A politically divisive debate continues to rage over U.S. President Donald Trump’s push to add a citizenship question to the U.S. census. That same question has been part of Canada’s census form for over a century without a ripple.
Trump has been waging a fierce fight to add the controversial query to the 2020 census, and said Friday he’s now considering an executive order to get it done after a Supreme Court ruling blocked his efforts.
Canada’s own long form census asks: “Of what country is this person a citizen?” Respondents have a choice of three possible answers: ‘Canada, by birth,’ ‘Canada, by naturalization’ or ‘Other country – specify.’
A spokeswoman for Statistics Canada, which manages the census, said the citizenship data is vital to various programs.
“The citizenship question has a long history on the Canadian census, being introduced for the first time on the 1901,” said Emily Theelen in an email.
“This information is used to estimate the number of potential voters and to plan citizenship classes and programs. It also provides information about the population with multiple citizenships and the number of immigrants in Canada who hold Canadian citizenship.”
Theelen said Statistics Canada’s data quality assessment indicators have not flagged any issues specifically related to the citizenship question. The Library of Parliament could not find any significant debate, controversy or court case related to the inclusion of a citizenship question on the Canadian census form.
In the U.S., the Republican administration’s push has triggered a partisan firestorm because of the enormous political stakes.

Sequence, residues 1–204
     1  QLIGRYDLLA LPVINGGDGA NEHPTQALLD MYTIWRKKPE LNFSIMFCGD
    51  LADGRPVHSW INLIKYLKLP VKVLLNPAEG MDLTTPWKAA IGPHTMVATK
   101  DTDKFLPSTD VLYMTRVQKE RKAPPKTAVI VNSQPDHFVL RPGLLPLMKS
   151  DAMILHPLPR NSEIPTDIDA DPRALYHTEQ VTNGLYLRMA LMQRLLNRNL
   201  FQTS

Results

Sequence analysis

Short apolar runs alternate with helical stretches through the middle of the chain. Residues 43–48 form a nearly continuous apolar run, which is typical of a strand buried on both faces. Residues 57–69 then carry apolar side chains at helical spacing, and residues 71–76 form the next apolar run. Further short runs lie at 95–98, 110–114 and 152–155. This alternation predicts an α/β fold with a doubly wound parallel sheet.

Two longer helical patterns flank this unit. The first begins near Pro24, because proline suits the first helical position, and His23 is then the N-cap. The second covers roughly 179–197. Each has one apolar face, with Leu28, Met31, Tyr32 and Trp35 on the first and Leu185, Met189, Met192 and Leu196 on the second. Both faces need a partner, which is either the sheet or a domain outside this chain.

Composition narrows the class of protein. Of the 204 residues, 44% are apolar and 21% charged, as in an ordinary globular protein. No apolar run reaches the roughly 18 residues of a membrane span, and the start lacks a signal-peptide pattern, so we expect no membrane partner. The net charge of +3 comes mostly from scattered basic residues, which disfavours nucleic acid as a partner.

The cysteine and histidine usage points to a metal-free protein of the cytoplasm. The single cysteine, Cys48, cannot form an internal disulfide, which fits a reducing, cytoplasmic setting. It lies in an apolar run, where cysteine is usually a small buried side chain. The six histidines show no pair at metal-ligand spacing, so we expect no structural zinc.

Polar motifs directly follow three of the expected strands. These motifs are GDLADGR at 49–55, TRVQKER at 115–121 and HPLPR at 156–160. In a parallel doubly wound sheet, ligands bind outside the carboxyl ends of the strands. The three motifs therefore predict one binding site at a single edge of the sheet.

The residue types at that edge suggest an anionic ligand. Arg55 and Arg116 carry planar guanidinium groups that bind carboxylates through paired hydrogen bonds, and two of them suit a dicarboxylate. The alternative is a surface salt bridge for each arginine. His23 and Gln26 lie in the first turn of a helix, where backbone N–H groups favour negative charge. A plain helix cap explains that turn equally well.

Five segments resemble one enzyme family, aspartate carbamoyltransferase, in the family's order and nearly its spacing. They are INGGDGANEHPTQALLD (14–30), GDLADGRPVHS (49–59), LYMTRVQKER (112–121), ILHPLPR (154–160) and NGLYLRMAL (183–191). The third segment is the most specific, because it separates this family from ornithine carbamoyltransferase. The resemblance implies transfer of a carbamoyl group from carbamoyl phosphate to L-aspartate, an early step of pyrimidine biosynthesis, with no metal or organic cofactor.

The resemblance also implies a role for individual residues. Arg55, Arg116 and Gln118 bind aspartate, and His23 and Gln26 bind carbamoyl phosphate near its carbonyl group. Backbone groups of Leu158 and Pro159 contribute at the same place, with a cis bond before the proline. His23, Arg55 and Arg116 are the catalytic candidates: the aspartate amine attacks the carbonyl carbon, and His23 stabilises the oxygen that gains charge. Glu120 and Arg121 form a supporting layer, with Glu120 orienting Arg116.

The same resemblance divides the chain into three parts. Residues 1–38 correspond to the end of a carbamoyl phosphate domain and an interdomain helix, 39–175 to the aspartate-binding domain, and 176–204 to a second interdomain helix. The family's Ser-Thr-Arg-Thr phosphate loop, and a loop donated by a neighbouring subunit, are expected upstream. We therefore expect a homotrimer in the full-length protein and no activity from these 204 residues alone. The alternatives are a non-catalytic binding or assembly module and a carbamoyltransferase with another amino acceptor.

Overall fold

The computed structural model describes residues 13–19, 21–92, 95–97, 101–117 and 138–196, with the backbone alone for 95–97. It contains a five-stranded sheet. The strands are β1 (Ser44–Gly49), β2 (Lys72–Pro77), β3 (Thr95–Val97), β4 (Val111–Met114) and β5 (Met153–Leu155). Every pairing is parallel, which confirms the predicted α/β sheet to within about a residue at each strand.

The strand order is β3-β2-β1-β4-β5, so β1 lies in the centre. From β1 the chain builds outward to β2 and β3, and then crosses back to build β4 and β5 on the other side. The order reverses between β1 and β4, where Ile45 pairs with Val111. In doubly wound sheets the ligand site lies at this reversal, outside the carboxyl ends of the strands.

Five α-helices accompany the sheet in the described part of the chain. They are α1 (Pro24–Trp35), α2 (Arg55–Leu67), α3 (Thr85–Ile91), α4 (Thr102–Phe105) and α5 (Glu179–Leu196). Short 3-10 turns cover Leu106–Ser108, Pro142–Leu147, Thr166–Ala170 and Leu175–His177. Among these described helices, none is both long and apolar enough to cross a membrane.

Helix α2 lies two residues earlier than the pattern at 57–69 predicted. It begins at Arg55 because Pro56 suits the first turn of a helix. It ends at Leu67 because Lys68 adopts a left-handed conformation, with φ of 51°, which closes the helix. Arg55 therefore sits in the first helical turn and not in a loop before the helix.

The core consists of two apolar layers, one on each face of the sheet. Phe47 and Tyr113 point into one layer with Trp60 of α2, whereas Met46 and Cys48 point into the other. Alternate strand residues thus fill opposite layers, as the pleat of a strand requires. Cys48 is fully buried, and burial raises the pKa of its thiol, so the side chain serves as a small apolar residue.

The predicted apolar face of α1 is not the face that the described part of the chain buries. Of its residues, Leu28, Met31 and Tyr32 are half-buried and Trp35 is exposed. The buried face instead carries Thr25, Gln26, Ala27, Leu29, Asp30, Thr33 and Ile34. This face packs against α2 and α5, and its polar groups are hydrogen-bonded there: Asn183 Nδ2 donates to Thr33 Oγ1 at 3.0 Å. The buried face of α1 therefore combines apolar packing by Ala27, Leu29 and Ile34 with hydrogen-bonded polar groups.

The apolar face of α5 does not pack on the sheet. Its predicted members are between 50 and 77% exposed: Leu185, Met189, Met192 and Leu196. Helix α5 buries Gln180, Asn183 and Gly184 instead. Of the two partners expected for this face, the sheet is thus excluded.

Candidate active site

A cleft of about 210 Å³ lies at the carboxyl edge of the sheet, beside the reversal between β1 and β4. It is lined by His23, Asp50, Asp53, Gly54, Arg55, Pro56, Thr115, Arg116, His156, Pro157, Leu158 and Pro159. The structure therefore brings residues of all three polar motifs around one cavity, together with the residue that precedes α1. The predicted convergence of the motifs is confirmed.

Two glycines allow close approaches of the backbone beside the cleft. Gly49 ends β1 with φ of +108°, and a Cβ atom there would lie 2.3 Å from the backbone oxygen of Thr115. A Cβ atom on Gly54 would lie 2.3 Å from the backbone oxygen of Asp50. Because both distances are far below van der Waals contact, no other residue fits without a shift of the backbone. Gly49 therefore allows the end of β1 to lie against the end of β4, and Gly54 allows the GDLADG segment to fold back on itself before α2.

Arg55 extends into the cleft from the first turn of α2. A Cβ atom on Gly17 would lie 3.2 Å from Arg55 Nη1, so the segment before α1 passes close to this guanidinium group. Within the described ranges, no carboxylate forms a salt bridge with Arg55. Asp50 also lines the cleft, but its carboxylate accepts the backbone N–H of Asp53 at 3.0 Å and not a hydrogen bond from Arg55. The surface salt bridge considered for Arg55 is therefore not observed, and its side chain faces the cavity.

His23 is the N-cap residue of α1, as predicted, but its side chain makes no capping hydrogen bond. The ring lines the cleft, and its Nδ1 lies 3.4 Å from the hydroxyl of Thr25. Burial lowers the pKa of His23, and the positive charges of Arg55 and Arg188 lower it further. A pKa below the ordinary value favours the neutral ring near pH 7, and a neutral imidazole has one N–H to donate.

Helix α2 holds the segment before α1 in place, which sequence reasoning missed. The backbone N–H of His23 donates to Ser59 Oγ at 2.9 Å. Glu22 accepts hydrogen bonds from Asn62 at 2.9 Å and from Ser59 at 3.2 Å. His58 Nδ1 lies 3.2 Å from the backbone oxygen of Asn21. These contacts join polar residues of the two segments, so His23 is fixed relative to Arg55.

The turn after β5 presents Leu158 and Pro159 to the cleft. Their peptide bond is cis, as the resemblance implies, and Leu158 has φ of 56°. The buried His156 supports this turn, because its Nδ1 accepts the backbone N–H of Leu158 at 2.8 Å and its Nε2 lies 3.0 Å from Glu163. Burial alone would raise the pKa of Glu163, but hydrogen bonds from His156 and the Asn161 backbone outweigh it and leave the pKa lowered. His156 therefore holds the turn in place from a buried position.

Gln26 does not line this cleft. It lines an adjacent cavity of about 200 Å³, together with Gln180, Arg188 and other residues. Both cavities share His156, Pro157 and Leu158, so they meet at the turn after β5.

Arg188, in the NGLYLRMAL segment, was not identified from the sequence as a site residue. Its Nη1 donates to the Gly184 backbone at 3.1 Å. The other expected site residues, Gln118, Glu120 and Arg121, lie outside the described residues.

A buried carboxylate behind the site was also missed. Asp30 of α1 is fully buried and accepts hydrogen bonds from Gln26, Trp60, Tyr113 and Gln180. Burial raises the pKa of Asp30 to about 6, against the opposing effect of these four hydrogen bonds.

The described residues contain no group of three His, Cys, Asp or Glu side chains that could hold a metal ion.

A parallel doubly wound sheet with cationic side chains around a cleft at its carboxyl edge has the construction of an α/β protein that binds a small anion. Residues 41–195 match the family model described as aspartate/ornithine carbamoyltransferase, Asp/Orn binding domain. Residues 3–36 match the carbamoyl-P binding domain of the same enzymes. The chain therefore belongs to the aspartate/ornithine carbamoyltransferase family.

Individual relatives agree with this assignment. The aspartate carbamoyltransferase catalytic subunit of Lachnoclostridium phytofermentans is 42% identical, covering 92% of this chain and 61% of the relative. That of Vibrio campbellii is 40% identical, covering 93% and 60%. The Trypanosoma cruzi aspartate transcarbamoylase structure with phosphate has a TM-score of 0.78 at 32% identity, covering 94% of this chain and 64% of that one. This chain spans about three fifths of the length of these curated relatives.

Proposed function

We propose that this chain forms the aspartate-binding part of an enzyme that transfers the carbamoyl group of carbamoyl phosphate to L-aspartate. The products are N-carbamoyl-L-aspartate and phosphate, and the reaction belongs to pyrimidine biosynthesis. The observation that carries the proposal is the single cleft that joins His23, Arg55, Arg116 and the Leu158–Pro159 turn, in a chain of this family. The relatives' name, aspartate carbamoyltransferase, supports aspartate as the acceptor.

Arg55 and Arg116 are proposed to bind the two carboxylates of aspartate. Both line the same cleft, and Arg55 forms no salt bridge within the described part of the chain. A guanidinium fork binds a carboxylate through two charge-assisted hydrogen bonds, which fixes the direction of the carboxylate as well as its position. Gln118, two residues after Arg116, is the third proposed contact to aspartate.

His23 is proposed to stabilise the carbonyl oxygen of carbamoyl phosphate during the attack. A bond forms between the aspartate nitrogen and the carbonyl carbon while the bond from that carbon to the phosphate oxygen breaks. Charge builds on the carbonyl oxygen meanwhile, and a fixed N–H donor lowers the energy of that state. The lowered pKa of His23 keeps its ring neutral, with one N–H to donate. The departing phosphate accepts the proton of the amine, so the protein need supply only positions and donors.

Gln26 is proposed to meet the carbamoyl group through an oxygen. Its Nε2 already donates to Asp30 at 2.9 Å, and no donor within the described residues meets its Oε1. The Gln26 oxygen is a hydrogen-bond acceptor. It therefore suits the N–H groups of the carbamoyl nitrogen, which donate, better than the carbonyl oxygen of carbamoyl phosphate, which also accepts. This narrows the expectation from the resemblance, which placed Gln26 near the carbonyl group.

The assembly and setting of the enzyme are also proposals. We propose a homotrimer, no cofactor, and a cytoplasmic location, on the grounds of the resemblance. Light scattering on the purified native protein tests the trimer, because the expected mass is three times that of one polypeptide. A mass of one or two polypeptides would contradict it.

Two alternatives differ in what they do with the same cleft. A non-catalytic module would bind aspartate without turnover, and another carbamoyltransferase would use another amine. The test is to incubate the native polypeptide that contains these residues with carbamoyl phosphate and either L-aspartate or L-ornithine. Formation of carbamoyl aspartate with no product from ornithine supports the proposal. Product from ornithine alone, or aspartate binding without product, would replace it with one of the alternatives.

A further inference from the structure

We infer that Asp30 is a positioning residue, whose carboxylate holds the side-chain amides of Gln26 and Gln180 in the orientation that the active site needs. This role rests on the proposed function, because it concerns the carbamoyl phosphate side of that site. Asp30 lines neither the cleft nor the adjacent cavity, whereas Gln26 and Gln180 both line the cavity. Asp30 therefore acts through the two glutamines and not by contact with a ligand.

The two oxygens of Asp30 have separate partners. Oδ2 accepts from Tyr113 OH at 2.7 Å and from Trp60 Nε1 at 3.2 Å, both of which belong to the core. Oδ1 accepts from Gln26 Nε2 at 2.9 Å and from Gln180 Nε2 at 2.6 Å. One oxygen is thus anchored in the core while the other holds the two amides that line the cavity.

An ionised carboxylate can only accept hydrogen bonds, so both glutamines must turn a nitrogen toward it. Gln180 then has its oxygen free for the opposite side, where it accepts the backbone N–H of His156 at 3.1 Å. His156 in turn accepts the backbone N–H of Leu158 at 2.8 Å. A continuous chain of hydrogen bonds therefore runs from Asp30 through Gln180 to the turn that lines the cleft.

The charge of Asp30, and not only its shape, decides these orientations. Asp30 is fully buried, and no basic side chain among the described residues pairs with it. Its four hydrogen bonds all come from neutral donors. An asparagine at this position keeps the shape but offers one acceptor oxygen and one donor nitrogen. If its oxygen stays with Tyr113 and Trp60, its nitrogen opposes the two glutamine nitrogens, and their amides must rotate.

The once-a-decade population count determines the distribution of seats in the House of Representatives among the states, and the disbursement of about $675 billion in federal funding.
Disadvantage for Democrats
The Census Bureau’s own experts have said the question would discourage immigrants from participating in the census, which would result in a less-accurate census. That, say critics, would redistribute money and political power away from Democrat-led urban districts — where immigrants tend to cluster — and toward whiter, rural areas where Republicans do well.
Immigration lawyer Lorne Waldman said the political and electoral landscape in Canada is drastically different from the one in the U.S. and would not allow for that kind of “gerrymandering” — the manipulation of electoral boundaries to favour one party over others.
“In Canada, we have an impartial electoral commission that redistributes the electoral boundaries according to the law based on objective criteria,” he said. “It’s not an issue here at all, because we don’t have that kind of gerrymandering that they have in the U.S.”
No sign of abuse in Canada
Waldman said it’s possible a census result showing a high percentage of undocumented people in a specific region of the U.S. could lead to stepped-up Immigration and Customs Enforcement (ICE) patrols there.
Up to now, there has been no evidence that census information has been abused in that way in Canada.
The U.S. Justice Department said Friday it will continue to look for legal grounds to include the question on the census, but it did not say what options it’s considering.
The U.S. government already has begun the process of printing the census questionnaire without the citizenship question, but Trump suggested Friday that officials might be able to add the citizenship query to the questionnaire after it’s been printed.
n the Supreme Court’s decision last week, Chief Justice John Roberts joined the court’s four more liberal members in saying the administration’s justification for adding the question “seems to have been contrived.”
The Trump administration has said the question was being added to aid in enforcement of the Voting Rights Act, which protects minority voters’ access to the ballot box.
Canada conducts a census every four years. The next census is due in 2020.